With Euro 2016 set to kick off tomorrow, police have launched a campaign to stamp out fraud associated with the tournament.
The month-long #RedCardtoCrime drive aims to tackle ticket fraud, counterfeit merchandise and antisocial behaviour with advice to the public ahead of and during the tournament.
Among the key focuses of the City of London Police-led campaign are online ticket scams and websites selling knock-off sportswear and other UEFA-related products.
As with any major sporting event, marketers have produced a seemingly endless list of associated official merchandise.
Everything from mugs and key-rings to scarves and T-shirts is available with the tournament’s branding, but this has opened the door to unscrupulous traders.
Since late 2013, the Police Intellectual Property Crime Unit has taken down more than 10,000 sites selling counterfeit goods.
Fake footwear and clothing are by far the most counterfeited products being sold to unsuspecting shoppers.
Ticket fraud is also a major concern around any big sporting event, and those looking to bag a last-minute seat for any of the games in France are being urged to be cautious.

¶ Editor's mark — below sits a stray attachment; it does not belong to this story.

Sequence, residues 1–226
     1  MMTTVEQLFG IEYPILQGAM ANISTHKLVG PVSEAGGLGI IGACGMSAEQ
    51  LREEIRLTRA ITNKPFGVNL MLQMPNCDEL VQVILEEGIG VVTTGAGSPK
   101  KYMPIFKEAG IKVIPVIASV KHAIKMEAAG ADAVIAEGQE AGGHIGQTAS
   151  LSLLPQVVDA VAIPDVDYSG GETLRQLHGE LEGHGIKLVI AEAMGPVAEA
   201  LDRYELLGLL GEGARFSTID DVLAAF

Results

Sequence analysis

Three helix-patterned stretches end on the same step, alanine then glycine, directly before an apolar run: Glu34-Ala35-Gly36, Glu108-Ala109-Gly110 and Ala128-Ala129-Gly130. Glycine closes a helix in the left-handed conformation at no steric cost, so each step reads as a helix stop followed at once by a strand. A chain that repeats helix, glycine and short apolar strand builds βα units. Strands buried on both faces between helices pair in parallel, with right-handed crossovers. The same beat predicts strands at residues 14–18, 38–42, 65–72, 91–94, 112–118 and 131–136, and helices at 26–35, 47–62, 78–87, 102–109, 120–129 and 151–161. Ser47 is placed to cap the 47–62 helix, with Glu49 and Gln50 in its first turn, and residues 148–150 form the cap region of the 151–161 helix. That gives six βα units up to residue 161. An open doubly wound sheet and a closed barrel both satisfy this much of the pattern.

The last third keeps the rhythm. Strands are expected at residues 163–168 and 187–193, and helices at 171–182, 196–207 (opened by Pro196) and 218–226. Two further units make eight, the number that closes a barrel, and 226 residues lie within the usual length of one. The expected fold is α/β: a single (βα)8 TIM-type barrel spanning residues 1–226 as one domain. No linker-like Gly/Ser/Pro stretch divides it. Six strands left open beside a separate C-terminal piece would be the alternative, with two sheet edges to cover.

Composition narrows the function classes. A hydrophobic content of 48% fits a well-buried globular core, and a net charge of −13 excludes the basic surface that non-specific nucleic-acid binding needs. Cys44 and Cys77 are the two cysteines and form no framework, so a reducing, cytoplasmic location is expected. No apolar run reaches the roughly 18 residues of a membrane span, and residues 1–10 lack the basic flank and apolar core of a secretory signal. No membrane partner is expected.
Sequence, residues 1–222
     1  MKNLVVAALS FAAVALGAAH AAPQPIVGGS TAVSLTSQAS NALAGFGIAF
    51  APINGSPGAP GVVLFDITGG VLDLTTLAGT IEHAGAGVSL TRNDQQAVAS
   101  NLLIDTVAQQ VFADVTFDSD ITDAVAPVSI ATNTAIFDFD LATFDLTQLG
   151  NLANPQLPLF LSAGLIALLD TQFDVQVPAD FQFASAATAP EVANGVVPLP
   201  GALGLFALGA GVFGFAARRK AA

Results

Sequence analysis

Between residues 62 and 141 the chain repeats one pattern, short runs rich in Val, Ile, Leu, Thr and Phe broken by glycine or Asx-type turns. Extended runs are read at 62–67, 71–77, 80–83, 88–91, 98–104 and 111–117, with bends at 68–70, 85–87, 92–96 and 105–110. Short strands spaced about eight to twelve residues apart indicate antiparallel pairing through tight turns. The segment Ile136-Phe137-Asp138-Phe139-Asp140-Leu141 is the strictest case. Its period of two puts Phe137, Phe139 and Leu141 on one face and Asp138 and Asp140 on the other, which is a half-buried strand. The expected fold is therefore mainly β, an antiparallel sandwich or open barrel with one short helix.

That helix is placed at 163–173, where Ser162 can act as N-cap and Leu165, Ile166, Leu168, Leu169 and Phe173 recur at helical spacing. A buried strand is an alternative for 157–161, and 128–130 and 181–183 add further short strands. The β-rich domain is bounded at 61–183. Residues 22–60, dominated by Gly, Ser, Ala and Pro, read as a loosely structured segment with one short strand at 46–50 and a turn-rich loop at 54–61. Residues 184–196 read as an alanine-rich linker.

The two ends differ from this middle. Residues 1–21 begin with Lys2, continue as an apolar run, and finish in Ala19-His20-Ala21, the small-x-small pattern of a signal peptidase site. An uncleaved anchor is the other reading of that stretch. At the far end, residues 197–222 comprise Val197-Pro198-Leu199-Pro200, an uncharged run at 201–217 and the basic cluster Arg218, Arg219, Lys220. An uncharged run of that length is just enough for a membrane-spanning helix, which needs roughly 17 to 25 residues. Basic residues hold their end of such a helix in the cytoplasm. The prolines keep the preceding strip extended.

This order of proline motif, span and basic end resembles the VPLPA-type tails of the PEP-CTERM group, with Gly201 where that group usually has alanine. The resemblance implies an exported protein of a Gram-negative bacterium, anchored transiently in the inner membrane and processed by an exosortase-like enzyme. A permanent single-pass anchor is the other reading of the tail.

Action Fraud, the national fraud and cyber crime reporting centre, has warned that most online sources offering tickets at this late stage are likely to be fraudulent, and says it has already received 35 reports of scams related to the tournament.
A spokesperson for UEFA added: “UEFA would like to emphasise that secondary market ticket resale is strongly condemned by UEFA and we are working with lawyers and authorities to minimise its scale.
“We are constantly monitoring unauthorised resale channels and UEFA has been very active in trying to take down sites.
“We very much appreciate the efforts of the City of London Police and we will continue to work together for the benefit of the fans unaware of risks associated with the secondary market ticket resale.”
More information and advice can be found at the RedCardtoCrime website.